Elections BC has banned longtime political organizer Mark Marissen and other Progress Vancouver candidates from running in the next round of local elections after it deregistered their party for breaking campaign finance rules.
The elections body said Tuesday that the party and six of its eight candidates in last year’s municipal vote failed to meet the filing deadline for finance reports in January this year.
The party did meet a “late filing deadline” the next month, Elections BC said, but the reports revealed an “impermissible” $50,000 loan, improperly recorded contributions, donations from outside British Columbia and contributions that exceeded legal limits.
Marissen, who is the ex-husband of former premier Christy Clark, led the party and ran for mayor in Vancouver but finished a distant fourth with 3.4 per cent of the vote, won by Ken Sim. None of Progress Vancouver’s other candidates were elected.
The party’s campaign finance disclosures show that the $50,000 loan came from Jason McLean, president and CEO of the McLean Group of Companies.
He declined to comment, deferring to the party for a response.
Marissen said in a statement the party had received incorrect legal advice about how loan funds could be used and how they should be disclosed under amended election finance rules.
“Progress Vancouver became aware of the full extent of the amendments having come into effect only after it had paid bills for the purposes set out for the party,” Marissen’s statement said.
“At the time, Progress Vancouver also disclosed that there were issues with a handful of donations that came from out of province, and with some missing contributions data, and addressed those issues as best it could with the information available.”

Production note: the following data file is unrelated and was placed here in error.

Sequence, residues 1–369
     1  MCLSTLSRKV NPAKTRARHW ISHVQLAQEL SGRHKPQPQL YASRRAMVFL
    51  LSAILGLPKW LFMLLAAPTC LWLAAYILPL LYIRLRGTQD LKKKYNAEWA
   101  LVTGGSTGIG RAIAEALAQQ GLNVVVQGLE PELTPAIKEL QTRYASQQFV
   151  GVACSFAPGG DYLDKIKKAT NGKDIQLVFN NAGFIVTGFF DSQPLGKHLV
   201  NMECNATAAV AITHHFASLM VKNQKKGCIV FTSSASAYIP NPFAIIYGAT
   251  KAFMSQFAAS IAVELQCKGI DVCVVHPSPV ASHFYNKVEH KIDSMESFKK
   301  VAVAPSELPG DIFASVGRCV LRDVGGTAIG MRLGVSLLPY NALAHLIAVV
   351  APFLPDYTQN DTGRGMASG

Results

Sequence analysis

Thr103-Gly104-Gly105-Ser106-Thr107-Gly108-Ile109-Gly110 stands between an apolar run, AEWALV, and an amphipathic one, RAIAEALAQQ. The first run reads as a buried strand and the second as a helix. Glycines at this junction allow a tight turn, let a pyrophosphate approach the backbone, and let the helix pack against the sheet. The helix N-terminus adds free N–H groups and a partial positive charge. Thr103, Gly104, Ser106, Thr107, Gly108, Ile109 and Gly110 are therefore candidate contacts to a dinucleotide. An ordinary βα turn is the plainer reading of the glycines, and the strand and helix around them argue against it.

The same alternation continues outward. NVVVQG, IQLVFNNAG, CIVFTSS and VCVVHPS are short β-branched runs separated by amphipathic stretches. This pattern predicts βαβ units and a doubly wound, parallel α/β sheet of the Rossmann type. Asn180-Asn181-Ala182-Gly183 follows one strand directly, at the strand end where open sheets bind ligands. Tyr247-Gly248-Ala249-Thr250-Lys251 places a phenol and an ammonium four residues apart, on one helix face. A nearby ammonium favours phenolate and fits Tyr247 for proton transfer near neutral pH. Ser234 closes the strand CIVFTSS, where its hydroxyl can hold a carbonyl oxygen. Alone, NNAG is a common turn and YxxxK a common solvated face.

Progress Vancouver and all eight candidates who ran under its banner are now barred until after the next round of municipal elections in 2026.
Elections BC said it told the party in March that its filings were deficient, but Progress Vancouver failed to correct them, and an investigation of its finances remains ongoing.
“Depending on the outcome of the investigation, administrative monetary penalties may apply,” Elections BC spokesperson Andrew Watson said in an interview on Tuesday.
“The maximum fine for a prohibited contribution is up to double the amount of the prohibited contribution ? But it would be at the discretion of the chief electoral officer weighing the results of the investigation in terms of what the penalty would be.”
Morgane Oger, another Progress Vancouver candidate, said being disqualified from the next election was “unwelcome news.”
“I have to be honest, I’m confused by this,” Oger said Tuesday. “I’m a member of the party that provincially worked to bring those campaign rules in. I believe in those campaign rules and I believe in adhering to campaign finance rules.”
Oger said she was disappointed that the party’s “sloppy campaign finance conduct” resulted in deregistration. She said she joined the party to mount a left-of-centre campaign to counter those of the NPA and Ken Sim’s ABC party.
Oger said the party seemed to stumble out of the gate when fundraising didn’t seem to go as planned.
“This party had showed a great deal of potential at first,” Oger said. “I expect that what happened is the money didn’t show up.”
Elections BC said it will provide updates when the investigation is complete, but could not provide a timeline.